In his annual report to the UN General Assembly in August, Secretary-General Ban Ki-moon reflected on a new development agenda and stated that to ensure the equal rights of women and girls and their full participation in society, "The practice of child marriage must be ended everywhere".
Ultimately what will make a difference in the life of a girl vulnerable to child marriage is a change in her local context: when her parents decide that child marriage is not the best or only option for their daughter, when she has the ability to talk to them about the advantages of delaying marriage, and when she has the skills and opportunities to flourish.
Ultimately what will make a difference in the life of a girl vulnerable to child marriage is a change in her local context.Lakshmi Sundaram
But explicitly addressing girls in the new development agenda, and calling for an end to child marriage, will prompt governments to invest in programmes that provide girls and their families with viable alternatives to early marriage, such as safe, accessible, quality schooling, and programmes that enable girls to earn an income.
It will also encourage investment in healthcare programmes tailored to the unique needs of adolescent girls and the strengthening of birth and marriage registration systems, so that we can target girls with the right programmes and services and prove their age at marriage.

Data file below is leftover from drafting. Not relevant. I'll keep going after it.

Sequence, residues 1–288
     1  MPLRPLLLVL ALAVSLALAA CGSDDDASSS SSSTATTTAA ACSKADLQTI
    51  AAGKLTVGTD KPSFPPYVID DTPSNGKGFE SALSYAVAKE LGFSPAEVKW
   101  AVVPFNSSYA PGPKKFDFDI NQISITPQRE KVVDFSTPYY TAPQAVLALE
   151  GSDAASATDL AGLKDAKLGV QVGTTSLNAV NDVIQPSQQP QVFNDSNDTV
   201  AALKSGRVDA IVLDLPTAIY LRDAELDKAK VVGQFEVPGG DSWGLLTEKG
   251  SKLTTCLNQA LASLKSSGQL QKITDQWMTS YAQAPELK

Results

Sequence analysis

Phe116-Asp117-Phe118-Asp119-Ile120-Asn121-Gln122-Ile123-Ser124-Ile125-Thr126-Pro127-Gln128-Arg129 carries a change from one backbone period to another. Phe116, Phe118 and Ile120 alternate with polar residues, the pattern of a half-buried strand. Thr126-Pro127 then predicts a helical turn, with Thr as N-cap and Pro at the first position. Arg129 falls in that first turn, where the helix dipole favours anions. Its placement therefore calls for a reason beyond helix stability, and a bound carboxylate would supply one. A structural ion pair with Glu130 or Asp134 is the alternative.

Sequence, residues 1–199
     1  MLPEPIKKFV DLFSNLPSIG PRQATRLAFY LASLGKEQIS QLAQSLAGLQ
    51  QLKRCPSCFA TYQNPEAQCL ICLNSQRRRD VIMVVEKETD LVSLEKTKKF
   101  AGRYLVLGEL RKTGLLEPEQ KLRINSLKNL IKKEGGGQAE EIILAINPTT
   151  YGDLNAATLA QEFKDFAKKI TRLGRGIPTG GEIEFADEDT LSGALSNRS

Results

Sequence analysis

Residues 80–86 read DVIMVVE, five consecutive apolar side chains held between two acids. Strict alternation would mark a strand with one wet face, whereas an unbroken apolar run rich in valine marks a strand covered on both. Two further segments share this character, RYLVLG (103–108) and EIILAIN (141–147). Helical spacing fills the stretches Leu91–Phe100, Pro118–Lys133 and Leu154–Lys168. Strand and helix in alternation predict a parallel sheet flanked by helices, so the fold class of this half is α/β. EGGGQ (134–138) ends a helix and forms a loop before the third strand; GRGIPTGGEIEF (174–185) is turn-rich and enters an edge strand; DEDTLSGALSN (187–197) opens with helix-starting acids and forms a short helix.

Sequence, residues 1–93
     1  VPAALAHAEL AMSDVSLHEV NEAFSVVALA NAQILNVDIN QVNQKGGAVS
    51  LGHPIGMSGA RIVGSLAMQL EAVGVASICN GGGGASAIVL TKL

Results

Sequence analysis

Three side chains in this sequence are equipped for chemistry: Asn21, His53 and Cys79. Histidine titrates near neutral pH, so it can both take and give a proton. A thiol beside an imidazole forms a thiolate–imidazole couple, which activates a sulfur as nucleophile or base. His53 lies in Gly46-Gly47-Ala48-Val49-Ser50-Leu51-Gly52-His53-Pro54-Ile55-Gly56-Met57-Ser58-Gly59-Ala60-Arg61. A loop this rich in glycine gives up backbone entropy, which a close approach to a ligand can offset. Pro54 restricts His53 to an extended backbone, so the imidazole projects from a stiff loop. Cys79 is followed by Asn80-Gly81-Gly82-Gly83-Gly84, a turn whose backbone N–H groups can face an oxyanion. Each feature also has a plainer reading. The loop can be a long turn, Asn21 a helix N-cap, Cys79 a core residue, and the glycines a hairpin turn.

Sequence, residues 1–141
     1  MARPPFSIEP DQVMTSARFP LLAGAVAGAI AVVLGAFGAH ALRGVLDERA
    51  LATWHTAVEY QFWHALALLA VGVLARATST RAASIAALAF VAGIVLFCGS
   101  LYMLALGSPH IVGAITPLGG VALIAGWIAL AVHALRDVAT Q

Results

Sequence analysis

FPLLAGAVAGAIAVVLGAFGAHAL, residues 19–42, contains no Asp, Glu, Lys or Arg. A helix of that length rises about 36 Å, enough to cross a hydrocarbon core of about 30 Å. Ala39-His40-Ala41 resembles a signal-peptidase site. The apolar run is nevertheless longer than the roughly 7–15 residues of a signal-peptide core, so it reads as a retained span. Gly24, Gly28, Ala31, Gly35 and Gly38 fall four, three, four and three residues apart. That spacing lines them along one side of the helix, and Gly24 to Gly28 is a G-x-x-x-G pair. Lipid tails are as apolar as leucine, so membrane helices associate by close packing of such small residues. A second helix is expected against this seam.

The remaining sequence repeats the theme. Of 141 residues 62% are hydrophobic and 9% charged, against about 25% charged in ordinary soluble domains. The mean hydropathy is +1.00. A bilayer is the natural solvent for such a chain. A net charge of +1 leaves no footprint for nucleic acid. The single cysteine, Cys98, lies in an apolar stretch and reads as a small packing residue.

Girls Not Brides has been building on the lessons of other social movements, partnerships and coalitions, to understand how collective global action can be used to support local change.
We understand that change for girls will be a local phenomenon, and our efforts are informed by the work of our grassroots member organisations who very closely with child brides and girls vulnerable to child marriage. We are supporting their work by helping to build a global movement of civil society, governments, donors, international agencies, religious and traditional leaders and local communities.
Together, by calling for adolescent girls to be a focus of the international development agenda, we can strengthen the global norm that girls are equal to boys and that we have a responsibility as a global community to enable them to flourish.
The needs and rights of adolescent girls and child brides were largely ignored in the Millennium Development Goals. As a new development plan for the international community is negotiated, we cannot make that mistake again.
In the time it has taken to read this article 53 girls under the age of 18 have been married
Each year, 12 million girls are married before the age of 18
That is 23 girls every minute
Nearly 1 every 3 seconds
Girls Not Brides
Lakshmi Sundaram is the Global Coordinator of Girls Not Brides. Lakshmi runs the secretariat of the Partnership, and is focused on supporting efforts of members to learn from one another’s experiences and successes; mobilising policy, financial and programme support to end child marriage; and raising awareness of the harmful impact of this practice and potential solutions by encouraging open and informed discussion at the local, national and international levels.